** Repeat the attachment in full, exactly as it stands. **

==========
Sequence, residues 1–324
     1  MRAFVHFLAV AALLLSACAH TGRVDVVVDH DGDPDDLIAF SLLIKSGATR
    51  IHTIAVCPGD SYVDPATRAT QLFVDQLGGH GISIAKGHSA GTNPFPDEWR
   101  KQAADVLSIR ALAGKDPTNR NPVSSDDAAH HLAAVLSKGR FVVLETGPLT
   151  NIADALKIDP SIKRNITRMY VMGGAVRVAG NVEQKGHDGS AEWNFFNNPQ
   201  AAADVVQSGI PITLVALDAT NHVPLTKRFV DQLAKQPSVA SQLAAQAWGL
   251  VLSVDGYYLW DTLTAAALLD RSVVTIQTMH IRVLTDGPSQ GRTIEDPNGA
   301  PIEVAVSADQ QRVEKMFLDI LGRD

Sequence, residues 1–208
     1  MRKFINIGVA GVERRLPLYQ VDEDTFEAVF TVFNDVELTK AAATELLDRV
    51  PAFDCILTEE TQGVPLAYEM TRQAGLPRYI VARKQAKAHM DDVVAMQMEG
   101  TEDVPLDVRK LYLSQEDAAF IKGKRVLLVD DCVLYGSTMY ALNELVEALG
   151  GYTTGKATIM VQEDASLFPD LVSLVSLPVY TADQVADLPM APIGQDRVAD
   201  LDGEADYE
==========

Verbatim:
Sequence, residues 1–324
     1  MRAFVHFLAV AALLLSACAH TGRVDVVVDH DGDPDDLIAF SLLIKSGATR
    51  IHTIAVCPGD SYVDPATRAT QLFVDQLGGH GISIAKGHSA GTNPFPDEWR
   101  KQAADVLSIR ALAGKDPTNR NPVSSDDAAH HLAAVLSKGR FVVLETGPLT
   151  NIADALKIDP SIKRNITRMY VMGGAVRVAG NVEQKGHDGS AEWNFFNNPQ
   201  AAADVVQSGI PITLVALDAT NHVPLTKRFV DQLAKQPSVA SQLAAQAWGL
   251  VLSVDGYYLW DTLTAAALLD RSVVTIQTMH IRVLTDGPSQ GRTIEDPNGA
   301  PIEVAVSADQ QRVEKMFLDI LGRD

Sequence, residues 1–208
     1  MRKFINIGVA GVERRLPLYQ VDEDTFEAVF TVFNDVELTK AAATELLDRV
    51  PAFDCILTEE TQGVPLAYEM TRQAGLPRYI VARKQAKAHM DDVVAMQMEG
   101  TEDVPLDVRK LYLSQEDAAF IKGKRVLLVD DCVLYGSTMY ALNELVEALG
   151  GYTTGKATIM VQEDASLFPD LVSLVSLPVY TADQVADLPM APIGQDRVAD
   201  LDGEADYE